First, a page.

When a science journalist takes on a musical project, one doesn’t quite know what to expect. Will said science journalist apply the same approach to his music as he does his work, or will he go in a completely new direction? Danish Carsten Nielsen seems to have chosen the latter approach, exploring through his music a world complementary to that of his day job. “Rerun” is all about the darker side of the emotional ride that is life; however, Nielsen never dips into depths from which one cannot return. Rather, each of the numbers retains enough joy and hope to be considered as part of a soundtrack for the “hopeful-realist”, someone skillfully straddling the line between reality and utopia. This is the kind of music to indulge in on a bad day–music that will embrace our dark cloud only to dispel it, one note at a time. Tracks are available for streaming on SoundCloud. More information is available on the artist’s website and Facebook page.
Dino Jag’s ‘Breakthrough’
With vocals that embrace something of both Adam Levine and Chris Martin, Australian Dino Jag ‘s six-track EP “Breakthrough” is brimming with energy, even on the slower and darker tracks. Energizing pop rock fun from beginning to end, “Breakthrough”‘s only disappointment is in its length; the five tracks seem like a tease that whet one’s appetite for more. The pop-laden “Two Young Hearts” is filled with optimism and very radio-friendly, potentially the most so after the rockier “You Make Me Feel So Good”. Jag has fun experimenting within the pop rock genre with “Nothing But You”, while his vocals are particularly showcased in the title track. Australia’s summer energy is something we just might need up here during another harsh northern winter. Tracks are available for streaming on SoundCloud. More information is available on the artist’s website and Facebook page.
Joan Torres’ All Is Fused’s ‘Of The Musical’
Eight tracks of almost experimental jazz goodness make up Joan Torres’ All Is Fused’s “Of The Musical”, Joan Torres’ latest release. While the building blocks of good old jazz numbers abound, and solidly so, there are a lot of tweaks and turns that keep listeners engaged and on their toes. Each of the numbers in the set is to be listened to as a number in a musical, and are separated in two acts. Ups and downs are included, such as the rich and upbeat “Invaded”, the bass heavy “Demiurge”, and the deft keyboards leading “Explore”. These contrast with the melancholic imagery of “Ultramarine”, and the eight-minute long languidly dark “Stream of Melancholy”. Just like with some stories, the beginning of the album can sound at times a little halting and confusing, only for it to come all together in a satisfying ending that makes a whole lot of sense—even if you don’t agree with it. Tracks are available for streaming on Bandcamp. More information is available on Joan Torres’ website and Facebook page.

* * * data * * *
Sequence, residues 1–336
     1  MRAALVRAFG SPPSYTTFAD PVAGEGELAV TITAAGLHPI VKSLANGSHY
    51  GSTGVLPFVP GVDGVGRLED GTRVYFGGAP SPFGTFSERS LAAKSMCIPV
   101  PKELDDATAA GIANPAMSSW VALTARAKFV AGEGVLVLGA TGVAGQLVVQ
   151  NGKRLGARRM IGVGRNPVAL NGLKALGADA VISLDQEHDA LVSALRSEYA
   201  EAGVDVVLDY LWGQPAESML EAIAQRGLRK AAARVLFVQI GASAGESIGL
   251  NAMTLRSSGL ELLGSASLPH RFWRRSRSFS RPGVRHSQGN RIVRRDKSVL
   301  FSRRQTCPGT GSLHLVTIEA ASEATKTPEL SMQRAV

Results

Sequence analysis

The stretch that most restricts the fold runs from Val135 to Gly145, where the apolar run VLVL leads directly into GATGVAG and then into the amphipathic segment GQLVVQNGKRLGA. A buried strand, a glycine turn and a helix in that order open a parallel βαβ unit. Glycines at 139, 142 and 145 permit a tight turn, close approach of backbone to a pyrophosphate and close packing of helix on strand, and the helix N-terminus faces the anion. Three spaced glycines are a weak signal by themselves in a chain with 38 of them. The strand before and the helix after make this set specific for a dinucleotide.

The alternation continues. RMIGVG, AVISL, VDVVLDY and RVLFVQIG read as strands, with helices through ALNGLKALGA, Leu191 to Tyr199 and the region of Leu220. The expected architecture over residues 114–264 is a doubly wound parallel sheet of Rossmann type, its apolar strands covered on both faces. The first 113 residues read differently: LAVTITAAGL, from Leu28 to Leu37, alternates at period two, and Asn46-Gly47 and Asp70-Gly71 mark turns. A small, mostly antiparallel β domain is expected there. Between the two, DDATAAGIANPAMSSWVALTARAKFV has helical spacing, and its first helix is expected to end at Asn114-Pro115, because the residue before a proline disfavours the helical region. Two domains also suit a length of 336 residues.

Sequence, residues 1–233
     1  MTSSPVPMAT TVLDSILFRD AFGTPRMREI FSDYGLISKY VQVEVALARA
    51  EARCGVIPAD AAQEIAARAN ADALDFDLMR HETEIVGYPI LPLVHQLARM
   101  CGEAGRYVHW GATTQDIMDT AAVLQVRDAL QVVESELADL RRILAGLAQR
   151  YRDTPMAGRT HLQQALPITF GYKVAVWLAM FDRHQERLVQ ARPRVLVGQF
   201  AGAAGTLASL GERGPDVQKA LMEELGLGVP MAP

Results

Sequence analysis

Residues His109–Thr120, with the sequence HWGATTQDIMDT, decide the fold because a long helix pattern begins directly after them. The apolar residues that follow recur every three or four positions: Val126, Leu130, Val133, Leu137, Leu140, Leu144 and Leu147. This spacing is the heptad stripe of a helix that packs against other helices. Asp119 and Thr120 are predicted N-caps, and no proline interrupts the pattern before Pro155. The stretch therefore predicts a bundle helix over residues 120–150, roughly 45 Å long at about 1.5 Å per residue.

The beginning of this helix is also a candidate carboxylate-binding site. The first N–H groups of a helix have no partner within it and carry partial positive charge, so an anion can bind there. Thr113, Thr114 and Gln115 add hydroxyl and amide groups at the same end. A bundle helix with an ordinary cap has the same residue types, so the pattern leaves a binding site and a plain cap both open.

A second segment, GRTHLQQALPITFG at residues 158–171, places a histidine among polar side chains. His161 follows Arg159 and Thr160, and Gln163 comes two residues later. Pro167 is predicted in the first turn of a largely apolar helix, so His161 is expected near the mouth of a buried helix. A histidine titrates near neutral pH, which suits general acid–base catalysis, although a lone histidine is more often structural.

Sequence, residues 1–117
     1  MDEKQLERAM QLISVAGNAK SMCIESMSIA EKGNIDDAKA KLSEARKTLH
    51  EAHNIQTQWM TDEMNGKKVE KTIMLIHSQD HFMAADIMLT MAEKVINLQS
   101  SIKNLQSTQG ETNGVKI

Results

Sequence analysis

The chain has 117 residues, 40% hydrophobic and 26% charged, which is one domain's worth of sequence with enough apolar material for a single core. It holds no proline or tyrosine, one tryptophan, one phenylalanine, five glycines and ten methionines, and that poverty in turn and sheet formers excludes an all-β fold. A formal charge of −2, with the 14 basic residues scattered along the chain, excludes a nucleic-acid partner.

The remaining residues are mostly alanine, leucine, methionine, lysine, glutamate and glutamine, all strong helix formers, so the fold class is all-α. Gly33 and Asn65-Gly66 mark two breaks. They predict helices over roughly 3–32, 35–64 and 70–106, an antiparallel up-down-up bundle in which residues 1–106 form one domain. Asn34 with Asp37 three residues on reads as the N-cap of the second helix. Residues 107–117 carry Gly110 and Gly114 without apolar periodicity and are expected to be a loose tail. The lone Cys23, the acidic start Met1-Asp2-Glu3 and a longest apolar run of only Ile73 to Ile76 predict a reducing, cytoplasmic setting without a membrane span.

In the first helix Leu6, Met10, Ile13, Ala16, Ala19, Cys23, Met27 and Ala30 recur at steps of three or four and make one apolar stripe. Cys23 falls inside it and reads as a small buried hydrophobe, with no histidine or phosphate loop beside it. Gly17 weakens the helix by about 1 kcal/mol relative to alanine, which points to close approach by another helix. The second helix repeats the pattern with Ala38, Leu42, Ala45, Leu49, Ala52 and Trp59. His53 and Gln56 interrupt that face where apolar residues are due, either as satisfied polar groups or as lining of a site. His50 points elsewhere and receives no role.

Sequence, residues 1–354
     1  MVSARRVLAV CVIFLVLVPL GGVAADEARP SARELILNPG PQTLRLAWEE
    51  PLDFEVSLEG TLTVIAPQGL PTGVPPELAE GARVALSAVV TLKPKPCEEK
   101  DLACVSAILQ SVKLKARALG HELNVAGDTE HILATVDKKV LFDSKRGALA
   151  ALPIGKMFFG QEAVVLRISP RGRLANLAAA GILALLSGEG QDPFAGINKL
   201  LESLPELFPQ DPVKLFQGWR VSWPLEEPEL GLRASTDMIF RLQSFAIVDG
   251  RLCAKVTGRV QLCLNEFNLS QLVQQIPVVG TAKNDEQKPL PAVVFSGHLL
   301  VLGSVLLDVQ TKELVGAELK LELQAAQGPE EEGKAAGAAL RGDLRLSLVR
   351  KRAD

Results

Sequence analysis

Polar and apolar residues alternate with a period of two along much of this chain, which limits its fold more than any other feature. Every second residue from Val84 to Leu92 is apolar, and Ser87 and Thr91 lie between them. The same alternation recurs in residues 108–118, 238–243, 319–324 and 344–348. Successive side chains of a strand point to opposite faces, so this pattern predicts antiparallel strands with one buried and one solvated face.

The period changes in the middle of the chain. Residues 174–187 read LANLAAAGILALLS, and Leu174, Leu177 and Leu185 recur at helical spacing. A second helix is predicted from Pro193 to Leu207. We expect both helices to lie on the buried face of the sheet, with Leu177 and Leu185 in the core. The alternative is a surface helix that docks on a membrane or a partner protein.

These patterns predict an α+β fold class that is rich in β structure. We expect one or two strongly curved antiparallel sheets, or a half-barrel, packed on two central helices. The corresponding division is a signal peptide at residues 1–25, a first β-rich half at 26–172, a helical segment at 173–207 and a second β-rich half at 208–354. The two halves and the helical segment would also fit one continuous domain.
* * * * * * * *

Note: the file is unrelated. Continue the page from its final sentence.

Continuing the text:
Gert Taberner’s ‘Fallen’
Having grown up in Germany before moving, after finishing school, to Vancouver, British Colombia, Gert Taberner is yet another hope-driven artist whose bright view of the world and its future is embedded at the core of most of his songs, even the darker ones. The now New York-based artist melds folk, rock, and pop in his EP titled “Fallen”. The combination of his soothing vocals, soothing melodies, and poetic lyrics makes for a potent elixir that evokes many an emotion. The title track is gentle, builds up to a satisfying climax before ending with a lingering aftertaste. Tarberner’s vocals, although enjoyable throughout, are best appreciated in “Places” which is also where his fun side is the most evident in its funk-flavoured fun. Tracks are available for streaming on Bandcamp. More information is available on the artist’s Facebook page.
Coral Creek’s Self-Titled Album
A different kind of fun inspired Coral Creek’s 10-track long self-titled album. Feet will and heads will bob, without the listener even being aware of it. That’s just how infectious this band is, creatively mashing its main Americana base with bluegrass, Cajun, country, folk, and rock, all of this come seamlessly together. Rather than diluting its main genre, however, it adds a meaningful depth to it: Americans are, after all, a diverse group of people that have come together in one great nation. A broad breath of inspiration was also blown into this releases’ lyrics, that tell quite the selection of stories that seem all relatable in some way or form. The warmth and emotion behind every story is carried extremely well by Chris Thompson (guitar, vocals), Bill McKay (keyboard, vocals), Luke Bulla (fiddle, vocals), and Nathan Peoples (saxophone, vocals), not to take away though from Rob Garland (bass) and Jack Watson’s (drums) great work. It is easy to feel despair when watching the news, but things will look far better just a few, energetic notes into this album. Tracks are available for streaming on Bandcamp. More information is available on the band’s website and Facebook page.